August 26, 2013
New Puzzle Pieces In The Genetics Of Schizophrenia
Brett Smith for redOrbit.com - Your Universe Online
Schizophrenia is a one of the most complex and devastating of the inherited mental disorders, and remains a significant public health concern. In a new study published in the journal Nature Genetics, an international team of researchers has identified 22 locations in the human genome that are involved in the development of the condition, including 13 that have been named for the very first time.
"This study gives us the clearest picture to date of two different pathways that might be going wrong in people with schizophrenia," he added. "Now we need to concentrate our research very urgently on these two pathways in our quest to understand what causes this disabling mental illness."
The study was based on a comprehensive genome-wide association study (GWAS) that included previous similar studies. The international team also looked at data from a Swedish national sample of over 5,000 schizophrenia cases and more than 6,200 controls. The total number of individuals included in the study was over 59,000.
One of the genetic mechanisms identified in the study included the genes CACNA1C and CACNB2, which are critic to the function of nerve cells. Another genetic mechanism, dubbed the ‘micro-RNA 137’ pathway, involves a known regulator of neuronal development.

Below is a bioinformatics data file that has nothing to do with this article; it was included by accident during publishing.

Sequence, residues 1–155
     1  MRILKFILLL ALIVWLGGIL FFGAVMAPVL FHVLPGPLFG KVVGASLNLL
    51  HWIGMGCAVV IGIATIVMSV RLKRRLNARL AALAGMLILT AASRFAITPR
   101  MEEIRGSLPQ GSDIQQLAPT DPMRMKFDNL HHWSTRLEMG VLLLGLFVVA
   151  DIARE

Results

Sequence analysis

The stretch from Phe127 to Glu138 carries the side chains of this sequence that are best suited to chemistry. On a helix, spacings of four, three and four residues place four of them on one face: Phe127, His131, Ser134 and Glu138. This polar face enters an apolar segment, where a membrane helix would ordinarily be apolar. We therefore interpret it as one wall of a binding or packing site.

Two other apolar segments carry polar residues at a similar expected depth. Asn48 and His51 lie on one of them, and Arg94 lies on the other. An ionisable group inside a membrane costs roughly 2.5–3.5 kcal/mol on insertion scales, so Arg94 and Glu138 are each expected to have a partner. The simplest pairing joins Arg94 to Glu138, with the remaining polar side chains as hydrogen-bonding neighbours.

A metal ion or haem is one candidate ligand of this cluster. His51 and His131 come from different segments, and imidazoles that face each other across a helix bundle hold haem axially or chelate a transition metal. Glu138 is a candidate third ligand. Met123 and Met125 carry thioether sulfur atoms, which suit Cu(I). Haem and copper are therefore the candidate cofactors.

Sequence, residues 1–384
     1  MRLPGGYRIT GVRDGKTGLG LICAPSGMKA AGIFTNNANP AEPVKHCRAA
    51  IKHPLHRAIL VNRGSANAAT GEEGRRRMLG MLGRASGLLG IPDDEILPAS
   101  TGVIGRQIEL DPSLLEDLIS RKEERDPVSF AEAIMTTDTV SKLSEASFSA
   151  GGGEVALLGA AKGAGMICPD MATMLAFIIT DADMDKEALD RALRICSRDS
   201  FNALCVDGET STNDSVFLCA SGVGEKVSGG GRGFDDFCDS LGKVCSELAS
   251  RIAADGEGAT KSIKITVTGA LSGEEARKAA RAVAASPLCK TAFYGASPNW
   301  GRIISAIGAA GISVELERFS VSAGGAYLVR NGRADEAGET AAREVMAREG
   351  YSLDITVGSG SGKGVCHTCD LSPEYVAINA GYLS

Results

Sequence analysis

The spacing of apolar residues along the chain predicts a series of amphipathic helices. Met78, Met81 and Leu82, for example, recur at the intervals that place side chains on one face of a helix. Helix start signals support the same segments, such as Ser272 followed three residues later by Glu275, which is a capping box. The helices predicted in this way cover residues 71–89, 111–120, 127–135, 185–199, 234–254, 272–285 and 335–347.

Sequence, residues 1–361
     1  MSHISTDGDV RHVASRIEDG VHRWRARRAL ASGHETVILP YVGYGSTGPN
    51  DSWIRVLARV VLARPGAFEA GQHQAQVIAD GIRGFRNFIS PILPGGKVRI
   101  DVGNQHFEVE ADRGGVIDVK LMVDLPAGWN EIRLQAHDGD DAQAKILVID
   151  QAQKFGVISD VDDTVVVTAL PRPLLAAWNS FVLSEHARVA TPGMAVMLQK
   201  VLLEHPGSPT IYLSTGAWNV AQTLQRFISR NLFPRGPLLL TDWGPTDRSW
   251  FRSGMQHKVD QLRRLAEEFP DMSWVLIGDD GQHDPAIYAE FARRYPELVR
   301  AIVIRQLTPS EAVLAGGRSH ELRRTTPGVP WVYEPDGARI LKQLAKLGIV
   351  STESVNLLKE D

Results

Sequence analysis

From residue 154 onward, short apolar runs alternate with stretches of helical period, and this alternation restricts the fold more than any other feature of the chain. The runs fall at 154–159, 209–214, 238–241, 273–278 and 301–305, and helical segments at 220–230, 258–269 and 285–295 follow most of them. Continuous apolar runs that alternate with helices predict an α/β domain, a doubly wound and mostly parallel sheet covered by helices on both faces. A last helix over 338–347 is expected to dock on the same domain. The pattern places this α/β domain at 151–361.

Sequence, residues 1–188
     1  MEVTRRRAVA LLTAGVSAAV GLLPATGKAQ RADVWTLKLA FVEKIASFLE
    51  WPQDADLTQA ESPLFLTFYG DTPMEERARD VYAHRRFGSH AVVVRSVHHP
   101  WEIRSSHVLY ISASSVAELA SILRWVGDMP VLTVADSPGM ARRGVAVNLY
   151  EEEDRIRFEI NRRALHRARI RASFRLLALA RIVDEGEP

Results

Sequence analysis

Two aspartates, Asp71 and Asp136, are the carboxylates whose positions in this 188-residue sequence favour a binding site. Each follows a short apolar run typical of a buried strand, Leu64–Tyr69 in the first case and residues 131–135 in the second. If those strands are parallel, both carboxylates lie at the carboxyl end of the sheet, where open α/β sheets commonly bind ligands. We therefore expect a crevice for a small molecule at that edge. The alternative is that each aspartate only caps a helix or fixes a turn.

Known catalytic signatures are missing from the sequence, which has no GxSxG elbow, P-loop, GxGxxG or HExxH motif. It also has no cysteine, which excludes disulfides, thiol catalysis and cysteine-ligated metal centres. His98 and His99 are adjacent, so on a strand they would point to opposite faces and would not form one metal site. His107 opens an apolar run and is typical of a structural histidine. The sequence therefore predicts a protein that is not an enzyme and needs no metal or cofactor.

"What's really exciting about this is that now we can use standard, off-the-shelf genomic technologies to help us fill in the missing pieces," Sullivan said. "We now have a clear and obvious path to getting a fairly complete understanding of the genetic part of schizophrenia. That wouldn't have been possible five years ago."
Another study published earlier this month by the journal Neuron, revealed that the psychotic symptoms experienced by those with schizophrenia are caused by a faulty switch in the brain that results in the confusion between internal thoughts and objective reality.
"In our daily life, we constantly switch between our inner, private world and the outer, objective world," Lena Palaniyappan, a Nottingham University psychiatrist who co-led the study, told Reuters. "This switching action is enabled by the connections between the insula and frontal cortex. (But) this switch process appears to be disrupted in patients with schizophrenia."
In the study, researchers used functional magnetic resonance imaging (fMRI) scans to contrast the brains of 35 healthy participants with those of 38 individuals with schizophrenia. The scientists were able to determine that healthy participants successfully used the connections between the insula and frontal cortex regions of the brain to switch between inner thoughts and outer reality, while the patients with schizophrenia were less able to shift activity to their frontal cortex.
"This could explain why internal thoughts sometime appear as external objective reality, experienced (by schizophrenia patients) as voices or hallucinations," Palaniyappan said.